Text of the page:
Uridine from Pleurotus giganteus and Its Neurite Outgrowth Stimulatory Effects with Underlying MechanismReport as inadecuate




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Neurodegenerative diseases are linked to neuronal cell death and impairment of neurite outgrowth. An edible mushroom, Pleurotus giganteus was found to stimulate neurite outgrowth in vitro but the chemical constituents and the underlying mechanism is yet to be elucidated. The chemical constituents of P. giganteus linoleic acid, oleic acid, cinnamic acid, caffeic acid, p-coumaric acid, succinic acid, benzoic acid, and uridine were tested for neurite outgrowth activity. Uridine 100 μM was found to increase the percentage of neurite-bearing cells of differentiating neuroblastoma N2a cells by 43.1±0.5%, which was 1.8-fold higher than NGF 50 ng-mL-treated cells. Uridine which was present in P. giganteus 1.80±0.03 g-100g mushroom extract increased the phosphorylation of extracellular-signal regulated kinases ERKs and protein kinase B Akt. Further, phosphorylation of the mammalian target of rapamycin mTOR was also increased. MEK-ERK and PI3K-Akt-mTOR further induced phosphorylation of cAMP-response element binding protein CREB and expression of growth associated protein 43 GAP43; all of which promoted neurite outgrowth of N2a cells. This study demonstrated that P. giganteus may enhance neurite outgrowth and one of the key bioactive molecules responsible for neurite outgrowth is uridine.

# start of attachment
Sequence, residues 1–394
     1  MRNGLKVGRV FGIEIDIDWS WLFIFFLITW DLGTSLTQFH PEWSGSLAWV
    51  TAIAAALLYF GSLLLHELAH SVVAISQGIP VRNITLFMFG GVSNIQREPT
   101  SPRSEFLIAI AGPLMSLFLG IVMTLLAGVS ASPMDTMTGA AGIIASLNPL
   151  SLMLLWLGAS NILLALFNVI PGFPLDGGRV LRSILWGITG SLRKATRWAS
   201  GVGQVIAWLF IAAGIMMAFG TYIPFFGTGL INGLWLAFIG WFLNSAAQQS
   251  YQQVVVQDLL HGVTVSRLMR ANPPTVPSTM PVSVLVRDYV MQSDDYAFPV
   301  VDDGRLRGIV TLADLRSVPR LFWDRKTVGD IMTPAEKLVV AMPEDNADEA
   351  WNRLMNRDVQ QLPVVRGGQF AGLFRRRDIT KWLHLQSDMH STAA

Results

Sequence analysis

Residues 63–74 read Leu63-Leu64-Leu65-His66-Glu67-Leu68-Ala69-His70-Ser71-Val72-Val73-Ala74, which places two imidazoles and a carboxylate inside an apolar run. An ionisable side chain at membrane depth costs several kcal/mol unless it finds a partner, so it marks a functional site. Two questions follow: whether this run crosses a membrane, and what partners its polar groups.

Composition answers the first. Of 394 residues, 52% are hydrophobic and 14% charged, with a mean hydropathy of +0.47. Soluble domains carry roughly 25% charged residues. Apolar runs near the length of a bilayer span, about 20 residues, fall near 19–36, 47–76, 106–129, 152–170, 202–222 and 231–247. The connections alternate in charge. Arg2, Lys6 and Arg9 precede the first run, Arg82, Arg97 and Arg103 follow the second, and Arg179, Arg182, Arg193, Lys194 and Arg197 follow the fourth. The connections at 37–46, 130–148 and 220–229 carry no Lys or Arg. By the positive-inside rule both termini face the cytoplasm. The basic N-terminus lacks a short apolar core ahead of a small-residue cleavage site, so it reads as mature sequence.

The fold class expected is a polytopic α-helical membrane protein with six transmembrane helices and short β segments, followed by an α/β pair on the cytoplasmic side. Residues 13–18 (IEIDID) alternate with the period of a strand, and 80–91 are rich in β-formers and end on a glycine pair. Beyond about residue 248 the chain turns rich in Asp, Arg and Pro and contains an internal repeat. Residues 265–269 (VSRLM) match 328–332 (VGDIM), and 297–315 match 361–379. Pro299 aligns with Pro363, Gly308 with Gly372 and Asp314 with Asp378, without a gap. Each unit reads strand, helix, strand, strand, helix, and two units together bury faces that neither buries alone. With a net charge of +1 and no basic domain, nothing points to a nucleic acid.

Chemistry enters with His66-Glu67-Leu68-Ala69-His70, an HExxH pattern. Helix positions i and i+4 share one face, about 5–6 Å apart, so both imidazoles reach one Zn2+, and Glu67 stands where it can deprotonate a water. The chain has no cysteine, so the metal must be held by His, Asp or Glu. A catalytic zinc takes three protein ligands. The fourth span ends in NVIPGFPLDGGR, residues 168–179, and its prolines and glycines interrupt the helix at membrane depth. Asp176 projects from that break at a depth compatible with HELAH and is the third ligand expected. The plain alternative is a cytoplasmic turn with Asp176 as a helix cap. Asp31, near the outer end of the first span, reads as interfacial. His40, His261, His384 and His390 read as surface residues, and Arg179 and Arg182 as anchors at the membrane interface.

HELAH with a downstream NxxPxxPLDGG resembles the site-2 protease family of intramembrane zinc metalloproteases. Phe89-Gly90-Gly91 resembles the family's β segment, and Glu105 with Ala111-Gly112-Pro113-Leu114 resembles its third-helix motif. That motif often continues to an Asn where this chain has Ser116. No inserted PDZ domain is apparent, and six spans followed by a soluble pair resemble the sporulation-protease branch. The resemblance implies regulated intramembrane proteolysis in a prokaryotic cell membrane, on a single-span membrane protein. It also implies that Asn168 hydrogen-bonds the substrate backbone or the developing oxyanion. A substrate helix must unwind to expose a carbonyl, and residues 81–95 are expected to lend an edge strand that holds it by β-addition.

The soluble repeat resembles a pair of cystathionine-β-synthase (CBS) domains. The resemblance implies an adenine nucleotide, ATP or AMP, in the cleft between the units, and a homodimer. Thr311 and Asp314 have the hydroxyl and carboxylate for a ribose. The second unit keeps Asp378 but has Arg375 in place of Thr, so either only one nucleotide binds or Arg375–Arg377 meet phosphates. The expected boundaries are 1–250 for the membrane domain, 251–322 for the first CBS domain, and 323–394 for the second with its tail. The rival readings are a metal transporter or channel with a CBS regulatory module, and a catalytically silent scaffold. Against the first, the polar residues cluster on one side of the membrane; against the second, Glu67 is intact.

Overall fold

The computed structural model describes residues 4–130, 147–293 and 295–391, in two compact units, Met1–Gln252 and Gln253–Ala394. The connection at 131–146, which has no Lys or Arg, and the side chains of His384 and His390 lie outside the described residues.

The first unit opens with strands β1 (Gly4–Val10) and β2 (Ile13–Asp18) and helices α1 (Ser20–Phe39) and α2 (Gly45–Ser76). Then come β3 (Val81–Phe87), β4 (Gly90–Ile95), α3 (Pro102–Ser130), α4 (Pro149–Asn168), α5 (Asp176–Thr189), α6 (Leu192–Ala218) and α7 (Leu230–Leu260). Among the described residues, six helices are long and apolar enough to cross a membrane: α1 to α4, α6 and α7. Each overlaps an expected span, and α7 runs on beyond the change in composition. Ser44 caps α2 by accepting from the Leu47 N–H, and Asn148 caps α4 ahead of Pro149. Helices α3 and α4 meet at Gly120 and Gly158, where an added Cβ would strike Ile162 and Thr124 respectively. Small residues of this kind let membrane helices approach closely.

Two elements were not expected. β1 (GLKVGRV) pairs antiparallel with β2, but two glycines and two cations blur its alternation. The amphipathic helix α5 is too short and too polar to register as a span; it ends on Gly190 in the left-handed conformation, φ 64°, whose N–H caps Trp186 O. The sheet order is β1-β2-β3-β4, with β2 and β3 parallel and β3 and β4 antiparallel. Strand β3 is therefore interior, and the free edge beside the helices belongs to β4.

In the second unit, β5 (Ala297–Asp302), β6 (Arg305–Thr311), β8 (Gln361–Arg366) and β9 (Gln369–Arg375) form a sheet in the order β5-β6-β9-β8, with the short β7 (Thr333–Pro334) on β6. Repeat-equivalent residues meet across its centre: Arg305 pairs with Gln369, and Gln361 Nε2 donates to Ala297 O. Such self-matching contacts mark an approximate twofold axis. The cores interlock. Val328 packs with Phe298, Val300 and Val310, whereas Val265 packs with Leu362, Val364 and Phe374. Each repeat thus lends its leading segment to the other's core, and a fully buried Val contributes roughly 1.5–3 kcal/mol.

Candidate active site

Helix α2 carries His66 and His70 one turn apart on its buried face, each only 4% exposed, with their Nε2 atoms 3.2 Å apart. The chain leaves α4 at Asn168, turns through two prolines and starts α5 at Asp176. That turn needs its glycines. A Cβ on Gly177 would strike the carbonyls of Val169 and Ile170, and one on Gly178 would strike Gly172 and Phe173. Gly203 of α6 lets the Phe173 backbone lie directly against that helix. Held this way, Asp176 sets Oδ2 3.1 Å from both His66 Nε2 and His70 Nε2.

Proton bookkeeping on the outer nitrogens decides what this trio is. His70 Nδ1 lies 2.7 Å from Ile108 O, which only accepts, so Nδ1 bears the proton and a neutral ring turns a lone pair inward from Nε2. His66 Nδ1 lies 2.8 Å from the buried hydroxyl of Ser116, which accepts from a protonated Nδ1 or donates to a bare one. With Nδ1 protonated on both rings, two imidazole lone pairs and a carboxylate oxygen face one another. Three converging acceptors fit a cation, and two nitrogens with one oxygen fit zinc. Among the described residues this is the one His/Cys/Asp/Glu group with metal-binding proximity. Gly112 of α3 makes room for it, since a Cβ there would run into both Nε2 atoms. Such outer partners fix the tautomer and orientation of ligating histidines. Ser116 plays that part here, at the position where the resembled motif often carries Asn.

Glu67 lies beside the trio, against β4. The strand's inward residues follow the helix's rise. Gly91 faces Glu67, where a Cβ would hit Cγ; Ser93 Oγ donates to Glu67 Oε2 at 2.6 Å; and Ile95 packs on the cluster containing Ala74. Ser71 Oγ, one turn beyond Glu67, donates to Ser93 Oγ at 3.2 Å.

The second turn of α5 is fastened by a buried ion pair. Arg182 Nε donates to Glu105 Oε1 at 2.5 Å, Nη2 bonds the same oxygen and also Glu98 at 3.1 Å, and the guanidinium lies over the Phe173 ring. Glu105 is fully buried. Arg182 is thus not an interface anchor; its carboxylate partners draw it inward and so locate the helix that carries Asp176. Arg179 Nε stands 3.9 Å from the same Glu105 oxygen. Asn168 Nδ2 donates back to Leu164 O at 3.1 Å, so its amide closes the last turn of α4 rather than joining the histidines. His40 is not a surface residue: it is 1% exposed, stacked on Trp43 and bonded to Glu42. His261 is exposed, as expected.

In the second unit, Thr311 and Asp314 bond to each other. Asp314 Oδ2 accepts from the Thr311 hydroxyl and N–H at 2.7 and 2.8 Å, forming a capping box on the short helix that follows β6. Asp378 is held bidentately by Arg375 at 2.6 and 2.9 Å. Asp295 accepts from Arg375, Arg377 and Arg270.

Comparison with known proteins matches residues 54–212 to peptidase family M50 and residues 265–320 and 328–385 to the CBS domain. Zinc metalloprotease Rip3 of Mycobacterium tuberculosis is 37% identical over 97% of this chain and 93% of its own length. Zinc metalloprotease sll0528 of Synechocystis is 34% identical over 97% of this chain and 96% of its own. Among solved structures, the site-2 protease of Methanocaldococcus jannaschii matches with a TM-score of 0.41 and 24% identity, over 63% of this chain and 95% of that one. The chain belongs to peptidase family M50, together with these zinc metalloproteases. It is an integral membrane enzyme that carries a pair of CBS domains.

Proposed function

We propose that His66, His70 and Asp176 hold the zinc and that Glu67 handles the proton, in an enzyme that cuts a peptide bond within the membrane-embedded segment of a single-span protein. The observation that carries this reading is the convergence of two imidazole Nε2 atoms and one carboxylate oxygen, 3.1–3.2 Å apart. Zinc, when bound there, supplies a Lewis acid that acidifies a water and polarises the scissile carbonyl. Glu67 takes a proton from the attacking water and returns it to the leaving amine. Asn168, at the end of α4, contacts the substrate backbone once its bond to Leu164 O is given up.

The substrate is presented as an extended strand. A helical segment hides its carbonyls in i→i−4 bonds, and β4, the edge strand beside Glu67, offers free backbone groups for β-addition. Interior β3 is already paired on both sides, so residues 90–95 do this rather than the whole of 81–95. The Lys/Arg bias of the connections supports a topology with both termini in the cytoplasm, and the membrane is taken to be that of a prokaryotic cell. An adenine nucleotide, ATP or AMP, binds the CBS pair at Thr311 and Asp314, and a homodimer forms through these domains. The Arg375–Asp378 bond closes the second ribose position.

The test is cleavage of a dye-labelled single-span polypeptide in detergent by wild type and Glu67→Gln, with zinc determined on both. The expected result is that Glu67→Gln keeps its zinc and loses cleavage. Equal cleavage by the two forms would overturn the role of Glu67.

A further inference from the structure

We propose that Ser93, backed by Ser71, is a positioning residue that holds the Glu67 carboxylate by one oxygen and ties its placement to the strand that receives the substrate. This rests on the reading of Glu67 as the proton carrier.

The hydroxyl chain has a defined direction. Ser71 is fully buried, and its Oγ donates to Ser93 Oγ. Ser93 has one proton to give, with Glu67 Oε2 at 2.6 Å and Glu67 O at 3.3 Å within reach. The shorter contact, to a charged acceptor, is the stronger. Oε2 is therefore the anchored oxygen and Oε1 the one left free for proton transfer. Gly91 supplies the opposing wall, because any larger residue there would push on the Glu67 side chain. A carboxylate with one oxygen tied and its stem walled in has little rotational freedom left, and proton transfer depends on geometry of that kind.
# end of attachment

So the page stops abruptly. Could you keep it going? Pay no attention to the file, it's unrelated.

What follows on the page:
Author: Chia-Wei Phan , Pamela David, Kah-Hui Wong, Murali Naidu, Vikineswary Sabaratnam

Source: http://plos.srce.hr/



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